In 1998, creators Max Mutchnick and David Kohan advanced LGBTQ visibility on television with their farcical sitcom Will & Grace. The show returned to NBC in 2017 for season 9, after 11 years off the air.
Before the premiere of its second revival season (and 10th overall) on Oct. 4, Mutchnick chatted with NewNowNext about whether an actor’s sexuality should determine the roles they play and an upcoming episode inspired by his real-life relationship with best friend Janet Eisenberg.
The characters of Will and Grace are based on you and Janet. Are you still drawing inspiration from your friendship?
In fact, I am. The best episode that we’ve done this year I’ve drawn from our relationship. It’s hard to imagine that 30-something years into this friendship there are still things to learn, but in the last two years, Janet and I had a very big revelation about our relationship.
I’m dying to ask you what this revelation is.
I’ll just say: Will and Grace start reading letters from their past, and what have I learned in all the years of doing this? I’ve learned that the heteronormative narrative is not the primary narrative in life. The homonormative narrative is as important and needs its due. One isn’t more important than the other. It’s exploring those two things.
Sounds like it could be a heavier episode.
It is. But at the end of the episode, Grace gets to say something that I think is maybe one of the most important things that she has ever said to Will. That episode is called “Who’s Sorry Now?” and it will air in the middle of the season.
How has being a father and a husband influenced the way that you approach these characters’ lives now?
Jack and Will dealing with the idea of being married and not being married are things that I can now write about because I have experienced it. I get to dip into all of that.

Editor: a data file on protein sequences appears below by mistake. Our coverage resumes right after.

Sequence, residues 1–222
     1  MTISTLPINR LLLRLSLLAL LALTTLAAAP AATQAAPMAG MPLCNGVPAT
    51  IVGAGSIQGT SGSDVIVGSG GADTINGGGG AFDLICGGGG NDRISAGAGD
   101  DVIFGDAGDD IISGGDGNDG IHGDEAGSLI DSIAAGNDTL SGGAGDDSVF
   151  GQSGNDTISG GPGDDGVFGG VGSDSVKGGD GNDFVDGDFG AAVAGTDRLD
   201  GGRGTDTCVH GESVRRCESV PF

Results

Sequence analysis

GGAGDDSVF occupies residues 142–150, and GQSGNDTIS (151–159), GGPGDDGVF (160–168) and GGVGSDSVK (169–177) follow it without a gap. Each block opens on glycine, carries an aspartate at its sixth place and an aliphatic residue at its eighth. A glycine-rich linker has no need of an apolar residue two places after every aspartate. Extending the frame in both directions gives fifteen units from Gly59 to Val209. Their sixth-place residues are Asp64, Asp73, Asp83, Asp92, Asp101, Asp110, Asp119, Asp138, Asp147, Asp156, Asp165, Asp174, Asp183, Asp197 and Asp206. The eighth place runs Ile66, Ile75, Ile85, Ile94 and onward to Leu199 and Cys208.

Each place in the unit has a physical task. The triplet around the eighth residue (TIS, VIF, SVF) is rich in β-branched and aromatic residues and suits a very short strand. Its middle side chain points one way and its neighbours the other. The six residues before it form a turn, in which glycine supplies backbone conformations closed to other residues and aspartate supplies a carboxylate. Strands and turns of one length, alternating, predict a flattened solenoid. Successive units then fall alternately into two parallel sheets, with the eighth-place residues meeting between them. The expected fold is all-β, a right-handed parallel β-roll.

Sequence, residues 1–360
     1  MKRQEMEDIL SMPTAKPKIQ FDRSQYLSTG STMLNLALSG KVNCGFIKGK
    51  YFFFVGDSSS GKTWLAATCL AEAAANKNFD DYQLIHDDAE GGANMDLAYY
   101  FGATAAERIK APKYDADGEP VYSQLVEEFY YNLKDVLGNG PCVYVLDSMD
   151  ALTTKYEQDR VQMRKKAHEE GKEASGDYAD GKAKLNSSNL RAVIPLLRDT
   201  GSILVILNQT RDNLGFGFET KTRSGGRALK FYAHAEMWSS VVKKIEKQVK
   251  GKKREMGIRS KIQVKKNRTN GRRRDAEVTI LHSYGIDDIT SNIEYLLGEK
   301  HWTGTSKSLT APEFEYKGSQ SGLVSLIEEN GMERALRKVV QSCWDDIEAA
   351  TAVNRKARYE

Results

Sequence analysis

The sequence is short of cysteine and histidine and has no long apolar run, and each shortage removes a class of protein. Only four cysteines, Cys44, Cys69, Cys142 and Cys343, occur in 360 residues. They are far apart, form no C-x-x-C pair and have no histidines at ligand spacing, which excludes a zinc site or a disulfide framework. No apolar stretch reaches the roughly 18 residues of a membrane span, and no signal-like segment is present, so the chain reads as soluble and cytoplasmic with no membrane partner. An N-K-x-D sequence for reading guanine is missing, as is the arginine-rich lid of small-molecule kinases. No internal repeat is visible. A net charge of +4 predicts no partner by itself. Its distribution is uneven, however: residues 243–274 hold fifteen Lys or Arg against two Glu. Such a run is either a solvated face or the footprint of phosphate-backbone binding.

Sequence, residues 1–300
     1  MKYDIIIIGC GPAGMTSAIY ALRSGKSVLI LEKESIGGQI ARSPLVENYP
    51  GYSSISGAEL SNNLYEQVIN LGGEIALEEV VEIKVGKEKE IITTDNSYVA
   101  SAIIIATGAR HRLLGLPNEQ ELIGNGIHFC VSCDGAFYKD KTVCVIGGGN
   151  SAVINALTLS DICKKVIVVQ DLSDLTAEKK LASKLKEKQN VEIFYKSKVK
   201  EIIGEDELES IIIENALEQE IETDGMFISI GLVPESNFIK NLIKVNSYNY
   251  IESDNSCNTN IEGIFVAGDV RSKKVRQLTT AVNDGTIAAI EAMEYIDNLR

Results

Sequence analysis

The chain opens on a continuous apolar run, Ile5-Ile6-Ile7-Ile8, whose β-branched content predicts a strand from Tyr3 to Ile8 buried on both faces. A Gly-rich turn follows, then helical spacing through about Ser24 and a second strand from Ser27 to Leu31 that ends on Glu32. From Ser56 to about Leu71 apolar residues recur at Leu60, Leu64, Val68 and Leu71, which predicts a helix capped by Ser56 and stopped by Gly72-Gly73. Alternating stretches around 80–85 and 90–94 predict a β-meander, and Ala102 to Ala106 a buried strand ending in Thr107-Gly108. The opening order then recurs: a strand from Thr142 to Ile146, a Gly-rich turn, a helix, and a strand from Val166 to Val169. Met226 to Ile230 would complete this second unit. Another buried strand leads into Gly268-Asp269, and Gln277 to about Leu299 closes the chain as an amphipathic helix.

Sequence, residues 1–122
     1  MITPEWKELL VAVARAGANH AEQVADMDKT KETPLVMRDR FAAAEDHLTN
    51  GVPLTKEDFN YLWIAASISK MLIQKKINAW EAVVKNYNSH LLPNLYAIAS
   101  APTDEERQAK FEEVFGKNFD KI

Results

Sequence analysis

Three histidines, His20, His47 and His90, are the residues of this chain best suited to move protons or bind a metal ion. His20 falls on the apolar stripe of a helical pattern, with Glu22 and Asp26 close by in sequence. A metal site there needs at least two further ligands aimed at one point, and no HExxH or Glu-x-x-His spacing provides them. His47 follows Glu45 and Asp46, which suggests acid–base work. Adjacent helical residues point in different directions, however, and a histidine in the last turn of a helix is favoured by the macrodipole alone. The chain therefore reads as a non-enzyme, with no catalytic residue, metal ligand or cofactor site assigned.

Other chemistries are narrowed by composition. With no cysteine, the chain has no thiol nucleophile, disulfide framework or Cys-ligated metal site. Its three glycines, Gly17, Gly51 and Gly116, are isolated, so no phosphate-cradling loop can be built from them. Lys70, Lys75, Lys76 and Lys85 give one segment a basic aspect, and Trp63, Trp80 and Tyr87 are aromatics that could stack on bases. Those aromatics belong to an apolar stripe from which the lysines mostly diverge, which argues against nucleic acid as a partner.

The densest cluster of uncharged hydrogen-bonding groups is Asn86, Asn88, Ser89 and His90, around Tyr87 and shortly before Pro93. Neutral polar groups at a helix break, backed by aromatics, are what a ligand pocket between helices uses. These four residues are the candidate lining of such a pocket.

Having Joe Biden say that the show changed public opinion—what did that mean to you?
That was a huge moment for me. It meant that Joe Biden had actually been home and watched must-see TV. And it just took me out of my own experience. It’s always hard for me to comment on the bigness of what this show has meant to other people. I love when guys tell me that it helped [them] come out, but then I just go back to doing what I do.
Matt Bomer guest stars this season as Will’s boyfriend. Is it easier to find out gay actors to play these roles now versus 20 years ago?
It’s a little bit of everything. Matt Bomer is exactly right. He’s also not Eric (McCormack), but Matt and he’s gay, and so I guess there’s something cool about that. I have some mixed feelings that gay men have to play gay men. I don’t think that’s necessarily such a good thing for the art.
It’s an art form, OK? Actors are supposed to be able to play all different types of people and things, and I don’t know that we’re putting ourselves in a good position by saying that only gay men can play gay parts and only straight guys can play straight guys.
Did actors ever turn down gay guest roles?
There were a couple of people that we had issues with. The feedback was that they weren’t willing to do the show because they weren’t willing to play a gay part. I wouldn’t even want to give them the credit of being mentioned in the article.
Who do you still want to guest star on the show?
Debra Messing says it’s Barbra Streisand. For me, it would be Ruth Bader Ginsberg.
Miss Thing is very busy!